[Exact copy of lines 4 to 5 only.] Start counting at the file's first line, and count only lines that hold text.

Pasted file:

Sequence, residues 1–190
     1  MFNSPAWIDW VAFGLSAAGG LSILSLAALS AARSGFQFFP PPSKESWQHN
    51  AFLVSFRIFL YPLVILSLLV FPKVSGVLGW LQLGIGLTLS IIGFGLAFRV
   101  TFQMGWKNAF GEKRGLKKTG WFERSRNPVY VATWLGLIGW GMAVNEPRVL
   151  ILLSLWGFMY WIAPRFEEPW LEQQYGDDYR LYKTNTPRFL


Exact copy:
   101  TFQMGWKNAF GEKRGLKKTG WFERSRNPVY VATWLGLIGW GMAVNEPRVL
   151  ILLSLWGFMY WIAPRFEEPW LEQQYGDDYR LYKTNTPRFL